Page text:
[Blasticidin S Chemical Structure and Packaging] Blasticidin S is an antibiotic that is produced by Streptomyces griseochromogenes. In biological research, specificallyÂ genetic engineering, it is used to select transformed cells which have been engineered to carry a resistance gene for blasticidin. In short,Â DNAÂ of interest is fused to DNA encoding a resistance gene, and then is transformed into cells. After allowing time for recovery and for cells to begin transcribing and translating their new DNA, blasticidin is added. Now only the cells that have the new DNA can grow.
- Resistance genes
- Blasticidin selection on E.coli, Yeast, Mammalian cell, P.falciparum, Leishmania
- Toxicity to animal and human
- Laboratory tips
1. Resistance Genes
Three resistance genes have been cloned:
- bls (an acetyl transferase) from Streptoverticillum sp. which itself produces blasticidin in a natural example of biological warfare
- bsr (a blasticidin-S deaminase) from Bacillus cereus (other bsr genes are known as well, see listings in Genbank)
- BSD (another deaminase) from Aspergillus terreus
bsr and BSD are the most commonly used resistance genes. The proteins produced from these genes enable the cells carrying them to produce protein in the presence of blasticidin.
2. Blasticidin Selection
For selection of Blasticidin-resistant E. coli, use Low Salt LB medium (10 g Tryptone, 5 g NaCl, 5 g Yeast Extract) containing 50-100 g/ml Blasticidin. Depending on the bacterial strain used, optimize the Blasticidin concentration. If you get a lawn of bacteria on your Low Salt LB plate instead of individual bacterial colonies, increase the Blasticidin concentration to 100 g/ml in the plate.
Note that the salt concentration of the medium must remain low (<90 mM) and the pH should not exceed 7.0. Failure to lower the salt content of your LB medium results in nonselection due to Blasticidin inhibition unless a higher Blasticidin concentration is used.
The concentration of Blasticidin required for selection in yeast varies depending on the species, strain, and type of medium used. Use 25-300 g/ml Blasticidin for selection in yeast. We recommend performing a kill curve for each species, strain, and medium used to determine the appropriate Blasticidin concentration to use for selecting resistant cells.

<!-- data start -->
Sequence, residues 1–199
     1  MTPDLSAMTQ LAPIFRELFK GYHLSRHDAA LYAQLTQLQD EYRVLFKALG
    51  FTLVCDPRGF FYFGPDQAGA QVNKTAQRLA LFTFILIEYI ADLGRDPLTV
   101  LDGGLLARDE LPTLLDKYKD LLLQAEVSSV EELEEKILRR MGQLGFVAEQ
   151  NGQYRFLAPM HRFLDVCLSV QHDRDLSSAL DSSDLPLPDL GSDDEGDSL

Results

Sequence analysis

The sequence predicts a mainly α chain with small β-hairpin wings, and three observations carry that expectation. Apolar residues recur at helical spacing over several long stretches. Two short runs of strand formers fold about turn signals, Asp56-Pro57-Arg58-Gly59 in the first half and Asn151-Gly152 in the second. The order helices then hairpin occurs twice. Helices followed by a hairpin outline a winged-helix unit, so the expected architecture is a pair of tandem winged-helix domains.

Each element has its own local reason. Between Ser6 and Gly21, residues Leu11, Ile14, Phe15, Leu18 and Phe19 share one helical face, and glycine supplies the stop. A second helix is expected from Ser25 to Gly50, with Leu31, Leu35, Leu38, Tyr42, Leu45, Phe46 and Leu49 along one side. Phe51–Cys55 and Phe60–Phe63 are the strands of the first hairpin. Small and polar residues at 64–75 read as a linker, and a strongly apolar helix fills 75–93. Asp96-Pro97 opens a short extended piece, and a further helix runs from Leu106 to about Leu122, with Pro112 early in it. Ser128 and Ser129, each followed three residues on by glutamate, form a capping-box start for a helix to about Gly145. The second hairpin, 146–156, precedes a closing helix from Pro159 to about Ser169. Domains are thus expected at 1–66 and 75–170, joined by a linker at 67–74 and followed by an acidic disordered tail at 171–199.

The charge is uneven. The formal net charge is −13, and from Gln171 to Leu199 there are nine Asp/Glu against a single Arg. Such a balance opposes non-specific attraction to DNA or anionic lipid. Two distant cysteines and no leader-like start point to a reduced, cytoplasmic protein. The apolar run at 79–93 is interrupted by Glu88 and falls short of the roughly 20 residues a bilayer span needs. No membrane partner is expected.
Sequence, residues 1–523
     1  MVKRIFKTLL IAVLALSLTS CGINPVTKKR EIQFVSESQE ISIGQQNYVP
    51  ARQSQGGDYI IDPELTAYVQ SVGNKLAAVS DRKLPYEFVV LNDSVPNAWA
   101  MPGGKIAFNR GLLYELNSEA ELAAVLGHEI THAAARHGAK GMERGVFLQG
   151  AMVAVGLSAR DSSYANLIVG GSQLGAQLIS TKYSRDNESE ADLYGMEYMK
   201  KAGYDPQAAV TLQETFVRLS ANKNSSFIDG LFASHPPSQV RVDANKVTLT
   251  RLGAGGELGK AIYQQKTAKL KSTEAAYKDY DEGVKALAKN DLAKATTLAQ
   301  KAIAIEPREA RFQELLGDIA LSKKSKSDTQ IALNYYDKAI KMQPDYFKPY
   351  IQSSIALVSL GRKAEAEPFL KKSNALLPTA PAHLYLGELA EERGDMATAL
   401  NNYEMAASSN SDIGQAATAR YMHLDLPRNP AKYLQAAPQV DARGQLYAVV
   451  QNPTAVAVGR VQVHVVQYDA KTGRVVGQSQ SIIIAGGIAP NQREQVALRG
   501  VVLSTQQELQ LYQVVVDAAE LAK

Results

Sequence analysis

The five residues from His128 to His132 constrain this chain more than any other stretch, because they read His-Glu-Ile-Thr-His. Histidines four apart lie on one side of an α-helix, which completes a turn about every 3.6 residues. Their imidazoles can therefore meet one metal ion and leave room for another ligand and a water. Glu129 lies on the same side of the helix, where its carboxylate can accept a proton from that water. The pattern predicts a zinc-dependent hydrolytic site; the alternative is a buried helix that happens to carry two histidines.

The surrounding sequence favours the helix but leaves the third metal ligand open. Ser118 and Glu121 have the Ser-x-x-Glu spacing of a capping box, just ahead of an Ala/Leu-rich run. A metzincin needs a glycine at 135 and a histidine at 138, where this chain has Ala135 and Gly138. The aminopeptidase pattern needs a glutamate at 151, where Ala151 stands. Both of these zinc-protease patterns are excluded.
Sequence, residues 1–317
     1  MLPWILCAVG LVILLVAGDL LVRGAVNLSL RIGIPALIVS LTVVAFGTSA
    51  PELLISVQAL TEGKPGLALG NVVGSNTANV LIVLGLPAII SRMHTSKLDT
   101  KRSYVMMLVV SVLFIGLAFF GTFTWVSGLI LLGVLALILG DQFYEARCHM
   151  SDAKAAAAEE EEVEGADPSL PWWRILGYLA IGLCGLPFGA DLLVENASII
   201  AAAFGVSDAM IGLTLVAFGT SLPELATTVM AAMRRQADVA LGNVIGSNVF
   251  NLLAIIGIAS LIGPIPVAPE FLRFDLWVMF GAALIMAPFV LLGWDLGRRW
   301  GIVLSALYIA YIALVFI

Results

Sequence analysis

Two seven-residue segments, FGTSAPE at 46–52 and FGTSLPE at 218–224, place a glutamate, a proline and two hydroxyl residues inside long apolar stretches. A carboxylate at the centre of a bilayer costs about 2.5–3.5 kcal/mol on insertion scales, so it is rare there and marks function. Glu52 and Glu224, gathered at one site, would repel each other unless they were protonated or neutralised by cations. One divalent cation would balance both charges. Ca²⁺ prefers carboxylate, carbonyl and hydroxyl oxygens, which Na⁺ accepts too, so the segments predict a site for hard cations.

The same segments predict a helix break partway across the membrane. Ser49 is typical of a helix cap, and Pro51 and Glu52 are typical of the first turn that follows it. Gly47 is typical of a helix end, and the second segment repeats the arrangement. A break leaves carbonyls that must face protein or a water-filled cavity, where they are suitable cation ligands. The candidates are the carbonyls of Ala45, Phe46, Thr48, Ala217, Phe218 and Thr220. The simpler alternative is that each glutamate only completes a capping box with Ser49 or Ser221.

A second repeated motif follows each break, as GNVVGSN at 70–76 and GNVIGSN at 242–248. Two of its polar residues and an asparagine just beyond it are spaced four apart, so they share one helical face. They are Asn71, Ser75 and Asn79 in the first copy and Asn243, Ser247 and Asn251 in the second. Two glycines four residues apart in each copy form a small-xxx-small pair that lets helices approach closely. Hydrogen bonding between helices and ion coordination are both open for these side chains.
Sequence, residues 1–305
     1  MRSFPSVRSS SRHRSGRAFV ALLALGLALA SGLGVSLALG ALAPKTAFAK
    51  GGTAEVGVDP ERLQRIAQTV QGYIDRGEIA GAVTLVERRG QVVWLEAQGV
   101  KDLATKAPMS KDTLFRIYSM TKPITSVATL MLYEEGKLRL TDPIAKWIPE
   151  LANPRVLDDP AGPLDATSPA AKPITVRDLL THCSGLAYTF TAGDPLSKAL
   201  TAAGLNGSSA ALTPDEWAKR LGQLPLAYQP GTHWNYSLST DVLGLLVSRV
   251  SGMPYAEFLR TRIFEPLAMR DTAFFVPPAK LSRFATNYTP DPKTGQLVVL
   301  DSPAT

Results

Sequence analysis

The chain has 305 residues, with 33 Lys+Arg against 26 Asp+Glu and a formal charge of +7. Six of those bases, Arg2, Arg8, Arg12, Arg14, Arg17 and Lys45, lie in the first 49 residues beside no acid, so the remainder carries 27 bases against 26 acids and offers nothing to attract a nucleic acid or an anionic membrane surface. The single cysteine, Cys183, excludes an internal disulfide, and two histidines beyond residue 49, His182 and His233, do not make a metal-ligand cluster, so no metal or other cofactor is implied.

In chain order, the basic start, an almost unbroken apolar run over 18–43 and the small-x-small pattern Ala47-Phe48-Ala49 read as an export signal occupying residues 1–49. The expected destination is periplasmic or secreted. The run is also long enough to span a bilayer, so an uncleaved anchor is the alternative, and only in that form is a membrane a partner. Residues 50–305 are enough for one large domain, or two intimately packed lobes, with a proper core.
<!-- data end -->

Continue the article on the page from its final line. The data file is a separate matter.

- Plasmodial Surface Anion Channel(PSAC) in Plasmodium falciparum
The malaria parasite, Plasmodium falciparum, is a highly successful intracellular pathogen. In the human host, replication in erythrocytes leads to an exponentially increasing number of parasites and accounts for much of the clinical syndrome of malaria. To facilitate its rapid intracellular growth, the parasite remodels the erythrocyte cytoplasm, adds virulence factors to the surface of infected cells, and increases erythrocyte permeability to many small solutes. Increased uptake of solutes may be mediated by the plasmodial surface anion channel (PSAC).
FCB-br1 parasites resist sorbitol synchronization because they express PSAC activity with markedly lower sorbitol permeability. These mutant channels also exhibit altered selectivity for various solutes, defective gating, and reduced affinity for the inhibitor furosemide. The identification of a PSAC mutant has several important implications for intra erythrocytic malaria parasite biology.
3. Toxicity of Blasticidin S to animals
- Acute and Chronic Toxicity
In general, blasticidin S is rather toxic to mammals but has low toxicity to fish. Acute toxicity data for several species are listed in Table as follows. (some reports fail to specify whether the material tested was the free base of blasticidin S or its BABS salt, which could explain the variations in the reported LD50 values.
In rats given blasticidin S orally at 3 mg/kg or higher, alkaline phosphatase activity in serum and small intestine was temporarily reduced.
The main pathological findings of blasticidin S poisoning in animals occur on the mucous membrane and skin. Upon topical application, confunctivitis, keratitis, nasal bleeding, and skin lesions, including hyperemia, edema, nd ulceration, are observed. Peritoneal adhesion involving intraabdominal organs and occational gastrointestinal perforation are thought to be due to the lesions on the mucous membrane. Diarrhea is frequent and considered to be caused by irritation of the mucous membrane.
4. Laboratory Tip
Determining Blasticidin Sensitivity
1. Plate cells at approximately 25% confluence. Prepare a set of 6 plates. Allow cells to adhere overnight.
2. The next day, substitute culture medium with medium containing varying concentrations of Blasticidin (e.g. 0, 2, 4, 6, 8, 10 µg/ml Blasticidin).
3. Replenish the selective media every 3-4 days, and observe the percentage of surviving cells.
4. Determine the appropriate concentration of Blasticidin that kills the cells within 10-14 days after addition of the antibiotic.
2.Handbook of Pesticide Toxicology, Vol 1, p.145
6. David A. Hill, Ajay D. Pillai, etc., A blasticidin S-resistant Plasmodium falciparum mutant with a defective plasmodial surface anion channel, 2007, vol.104, no. 3 1063-1068
7. Sophie Goyard, Stephen M. Beverley, Blasticidin resistance: a new independent marker for stable transfection of Leishmania, 2000, 249-252
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